Europe's regulators want to know whether Amazon's deals with book publishers require them to inform the e-retail giant of more favorable terms from rivals.
We dig into the CNET archives and unearth some ancient tech treasures.
The practice of tripling, quadrupling and quintupling ride fares in times of high demand may face limits from New York City officials. Many drivers might be OK with that.
The company must now pay $450 million as part of a settlement, but it maintains it did nothing wrong.
The e-commerce company has made the book publisher a public offer: accept $9.99 e-book prices, and Amazon won't ask for more of each sale.
The end to a public fight between the publishing industry and the massive e-book distributor could spell relief for authors. It also gives Amazon customers access, finally, to Hachette titles.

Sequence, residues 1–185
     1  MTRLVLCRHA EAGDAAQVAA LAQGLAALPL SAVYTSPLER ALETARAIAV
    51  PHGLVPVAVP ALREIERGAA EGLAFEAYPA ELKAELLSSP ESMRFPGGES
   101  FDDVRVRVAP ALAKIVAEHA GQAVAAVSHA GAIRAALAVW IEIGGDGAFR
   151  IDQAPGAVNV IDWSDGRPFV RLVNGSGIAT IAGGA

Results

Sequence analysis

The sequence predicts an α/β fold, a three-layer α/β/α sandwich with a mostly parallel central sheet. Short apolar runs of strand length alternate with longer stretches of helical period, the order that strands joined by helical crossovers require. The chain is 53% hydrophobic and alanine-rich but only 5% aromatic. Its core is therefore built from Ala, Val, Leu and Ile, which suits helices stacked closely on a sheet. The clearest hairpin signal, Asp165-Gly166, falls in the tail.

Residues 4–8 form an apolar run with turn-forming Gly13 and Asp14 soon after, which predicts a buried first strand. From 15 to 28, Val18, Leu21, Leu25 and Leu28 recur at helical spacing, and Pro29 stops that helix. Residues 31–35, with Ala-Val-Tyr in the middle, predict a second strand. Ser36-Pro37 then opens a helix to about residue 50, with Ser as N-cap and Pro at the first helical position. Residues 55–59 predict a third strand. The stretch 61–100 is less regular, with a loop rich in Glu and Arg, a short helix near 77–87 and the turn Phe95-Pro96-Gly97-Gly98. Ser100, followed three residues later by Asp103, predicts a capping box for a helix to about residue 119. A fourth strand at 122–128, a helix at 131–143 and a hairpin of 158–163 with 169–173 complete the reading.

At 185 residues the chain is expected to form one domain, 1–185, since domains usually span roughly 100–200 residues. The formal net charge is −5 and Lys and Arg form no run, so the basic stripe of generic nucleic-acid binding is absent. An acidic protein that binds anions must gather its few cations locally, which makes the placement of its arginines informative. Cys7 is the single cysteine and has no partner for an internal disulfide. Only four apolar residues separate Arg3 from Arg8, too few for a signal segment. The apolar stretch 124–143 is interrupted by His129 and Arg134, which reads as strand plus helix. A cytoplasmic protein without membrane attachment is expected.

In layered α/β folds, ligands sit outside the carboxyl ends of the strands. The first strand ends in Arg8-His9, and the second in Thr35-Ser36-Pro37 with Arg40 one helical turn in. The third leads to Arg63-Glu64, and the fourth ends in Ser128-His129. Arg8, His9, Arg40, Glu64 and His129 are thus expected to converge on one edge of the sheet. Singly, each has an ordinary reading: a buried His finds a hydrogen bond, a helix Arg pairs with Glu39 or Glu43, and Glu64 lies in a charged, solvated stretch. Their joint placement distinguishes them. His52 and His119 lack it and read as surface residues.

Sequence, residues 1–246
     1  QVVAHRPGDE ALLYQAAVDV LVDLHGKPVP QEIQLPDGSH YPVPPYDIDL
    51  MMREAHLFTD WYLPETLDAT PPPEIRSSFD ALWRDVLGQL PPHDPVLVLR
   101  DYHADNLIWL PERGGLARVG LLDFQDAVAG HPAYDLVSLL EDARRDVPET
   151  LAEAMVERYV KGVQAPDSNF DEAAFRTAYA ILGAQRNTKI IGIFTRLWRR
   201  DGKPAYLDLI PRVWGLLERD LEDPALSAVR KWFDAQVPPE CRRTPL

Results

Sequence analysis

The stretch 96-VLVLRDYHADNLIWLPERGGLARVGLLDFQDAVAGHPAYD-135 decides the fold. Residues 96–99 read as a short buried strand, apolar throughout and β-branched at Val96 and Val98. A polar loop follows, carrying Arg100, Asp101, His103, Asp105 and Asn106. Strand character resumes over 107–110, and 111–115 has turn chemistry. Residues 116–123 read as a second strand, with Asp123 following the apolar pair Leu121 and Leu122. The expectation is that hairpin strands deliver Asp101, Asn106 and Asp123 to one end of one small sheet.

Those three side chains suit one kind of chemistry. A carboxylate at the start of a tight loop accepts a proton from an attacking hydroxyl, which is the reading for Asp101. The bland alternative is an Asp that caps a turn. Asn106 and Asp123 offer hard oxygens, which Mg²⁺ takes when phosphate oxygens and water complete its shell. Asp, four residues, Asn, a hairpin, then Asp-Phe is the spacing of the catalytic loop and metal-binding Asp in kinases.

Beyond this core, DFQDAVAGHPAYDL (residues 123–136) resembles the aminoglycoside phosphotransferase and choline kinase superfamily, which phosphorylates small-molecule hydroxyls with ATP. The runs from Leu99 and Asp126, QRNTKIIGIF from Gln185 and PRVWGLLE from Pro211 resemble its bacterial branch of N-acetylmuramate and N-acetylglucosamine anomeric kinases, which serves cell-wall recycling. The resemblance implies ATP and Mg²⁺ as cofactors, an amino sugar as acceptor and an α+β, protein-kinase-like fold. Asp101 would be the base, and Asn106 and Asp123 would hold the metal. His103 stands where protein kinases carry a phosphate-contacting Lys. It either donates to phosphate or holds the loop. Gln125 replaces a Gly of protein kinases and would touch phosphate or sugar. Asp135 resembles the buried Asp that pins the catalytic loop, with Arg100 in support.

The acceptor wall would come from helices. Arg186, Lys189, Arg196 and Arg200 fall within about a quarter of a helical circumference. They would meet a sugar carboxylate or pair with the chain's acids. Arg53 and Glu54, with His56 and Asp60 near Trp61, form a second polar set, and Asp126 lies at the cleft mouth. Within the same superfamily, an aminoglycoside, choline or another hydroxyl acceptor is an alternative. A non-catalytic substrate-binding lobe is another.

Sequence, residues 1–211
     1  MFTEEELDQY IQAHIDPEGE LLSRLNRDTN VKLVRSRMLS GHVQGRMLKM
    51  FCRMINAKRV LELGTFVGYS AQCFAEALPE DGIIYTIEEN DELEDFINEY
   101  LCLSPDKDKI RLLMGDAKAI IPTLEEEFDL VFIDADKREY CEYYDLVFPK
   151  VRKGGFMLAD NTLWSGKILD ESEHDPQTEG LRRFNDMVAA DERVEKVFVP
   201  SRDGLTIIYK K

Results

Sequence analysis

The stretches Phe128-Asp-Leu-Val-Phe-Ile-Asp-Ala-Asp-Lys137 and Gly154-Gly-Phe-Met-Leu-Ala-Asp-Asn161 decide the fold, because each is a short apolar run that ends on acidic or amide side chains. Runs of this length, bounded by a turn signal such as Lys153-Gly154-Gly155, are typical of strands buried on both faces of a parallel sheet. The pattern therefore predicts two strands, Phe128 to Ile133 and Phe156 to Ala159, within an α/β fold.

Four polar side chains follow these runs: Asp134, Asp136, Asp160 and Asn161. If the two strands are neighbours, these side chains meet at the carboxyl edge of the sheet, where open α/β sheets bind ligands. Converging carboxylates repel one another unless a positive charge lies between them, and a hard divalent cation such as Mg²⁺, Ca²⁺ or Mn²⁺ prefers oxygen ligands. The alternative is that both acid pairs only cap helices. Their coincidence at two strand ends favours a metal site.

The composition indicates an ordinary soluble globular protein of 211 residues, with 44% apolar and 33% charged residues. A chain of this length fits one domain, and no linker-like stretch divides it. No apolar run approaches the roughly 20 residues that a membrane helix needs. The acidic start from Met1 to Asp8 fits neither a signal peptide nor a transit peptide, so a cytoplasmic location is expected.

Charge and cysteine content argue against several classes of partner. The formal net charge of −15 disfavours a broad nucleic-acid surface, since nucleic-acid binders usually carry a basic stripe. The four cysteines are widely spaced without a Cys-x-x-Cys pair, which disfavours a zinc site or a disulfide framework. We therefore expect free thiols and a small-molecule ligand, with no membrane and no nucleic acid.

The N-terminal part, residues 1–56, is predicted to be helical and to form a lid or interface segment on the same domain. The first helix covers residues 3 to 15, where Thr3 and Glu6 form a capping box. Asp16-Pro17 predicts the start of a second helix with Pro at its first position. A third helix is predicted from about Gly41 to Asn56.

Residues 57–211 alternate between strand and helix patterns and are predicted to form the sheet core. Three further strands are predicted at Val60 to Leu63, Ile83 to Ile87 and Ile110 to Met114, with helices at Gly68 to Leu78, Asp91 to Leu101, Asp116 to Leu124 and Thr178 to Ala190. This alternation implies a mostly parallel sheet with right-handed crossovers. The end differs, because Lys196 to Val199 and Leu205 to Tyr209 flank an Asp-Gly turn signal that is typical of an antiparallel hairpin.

The settlement hinges on the success or failure of the company's appeal of a ruling that found it conspired with publishers to fix prices.
Multi-year agreement for sales of physical and electronic books comes amid contentious talks with another book publisher.
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In a letter to readers and authors, the e-commerce giants asks people to email Hachette's CEO saying they want lower e-book prices.